While the notion of “proportional representation” was dismissed during the drafting of the Constitution as an indirect maneuver to introduce a “separate electorate,” today, the same concept is invoked to fuel another form of parochialism – namely, “casteism.”
After three decades of implementing the Mandal Commission report, it is abundantly clear that relying solely on caste as a one-dimensional tool not only falls short of creating an equitable environment for the genuinely marginalised but also accentuates existing social divisions. This approach concentrates reservation benefits within the category of “privileged backwards.” Therefore, any substantial dialogue concerning social justice is futile without acknowledging the interconnected dynamics of caste, class, and gender.
In the verdict on the Economic Weaker Section (EWS) case, the Supreme Court emphasised that the vision of the constitution makers extended beyond mere “formal” equality to encompass the essence of “substantive” equality. The Court further asserted that considerations of “economic deprivation” must be integral to discussions on “equality.” The substantial majority in Parliament supporting the passage of EWS reservation from 1990 to 2019 reflects a political consensus aimed at expanding the scope of reservation.
Focusing the discourse of backwardness solely on caste regresses the wheels of social revolution. With seven decades of Independence and three decades of economic reforms behind us, it is imperative to broaden the conversation on substantive equality. This entails considering factors such as digital poverty, discrimination against the LGBT community, the extent and quality of urbanisation, and more.
Addressing the multidimensional roots of backwardness demands a comprehensive approach. Relying solely on caste, as evident in the proposed “caste census” and subsequent “proportional representation,” risks being a superficial solution. It could be perceived as a cosmetic exercise, providing a convenient escape route for the political class under the guise of social justice rhetoric.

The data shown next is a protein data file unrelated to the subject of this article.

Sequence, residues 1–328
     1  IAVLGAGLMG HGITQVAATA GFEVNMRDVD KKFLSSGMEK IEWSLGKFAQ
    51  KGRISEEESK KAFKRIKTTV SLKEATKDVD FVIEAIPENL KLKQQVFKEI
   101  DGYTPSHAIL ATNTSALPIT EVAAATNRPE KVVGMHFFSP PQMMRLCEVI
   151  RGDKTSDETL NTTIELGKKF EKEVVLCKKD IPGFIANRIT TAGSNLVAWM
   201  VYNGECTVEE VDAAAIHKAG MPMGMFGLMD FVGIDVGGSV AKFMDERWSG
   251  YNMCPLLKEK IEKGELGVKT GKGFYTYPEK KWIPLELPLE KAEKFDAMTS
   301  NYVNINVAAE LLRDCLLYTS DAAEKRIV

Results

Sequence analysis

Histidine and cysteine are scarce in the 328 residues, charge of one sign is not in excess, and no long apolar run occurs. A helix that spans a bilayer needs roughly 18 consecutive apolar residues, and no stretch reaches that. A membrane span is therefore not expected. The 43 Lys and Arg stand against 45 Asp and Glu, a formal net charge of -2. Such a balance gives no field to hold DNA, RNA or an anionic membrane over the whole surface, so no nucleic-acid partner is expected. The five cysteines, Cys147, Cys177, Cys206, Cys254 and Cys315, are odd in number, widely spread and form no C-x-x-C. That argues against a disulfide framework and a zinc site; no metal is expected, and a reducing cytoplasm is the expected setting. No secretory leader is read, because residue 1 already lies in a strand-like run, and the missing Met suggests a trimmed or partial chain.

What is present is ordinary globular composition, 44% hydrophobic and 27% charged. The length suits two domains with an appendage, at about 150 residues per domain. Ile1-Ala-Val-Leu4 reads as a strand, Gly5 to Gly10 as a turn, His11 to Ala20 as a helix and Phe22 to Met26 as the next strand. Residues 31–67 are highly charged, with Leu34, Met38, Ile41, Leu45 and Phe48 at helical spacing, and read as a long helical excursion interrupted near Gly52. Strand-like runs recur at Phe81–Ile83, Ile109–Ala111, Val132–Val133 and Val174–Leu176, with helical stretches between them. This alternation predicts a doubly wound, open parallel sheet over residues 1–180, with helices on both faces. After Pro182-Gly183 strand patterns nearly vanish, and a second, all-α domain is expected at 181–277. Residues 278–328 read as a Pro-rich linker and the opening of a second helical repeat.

The Backward Class Commissions were established in 1952 and 1978 during the pre-liberalisation era. In the 90s, India embraced economic reforms, marking a significant shift that has fundamentally transformed the fabric of our society. A political consensus, spanning various political alliances at both the central and state levels, has consistently supported and sustained the economic reforms.
There exists a fundamental contradiction between the Congress Party’s call for a “caste census” and the evolving reality of Indian society—a reality shaped by the policies of the Congress itself. Today, what is needed is an imaginative political paradigm to navigate the new socio-political landscape, rather than reverting to the old remedy of caste-based social justice.
(The writer can be reached at email@example.com)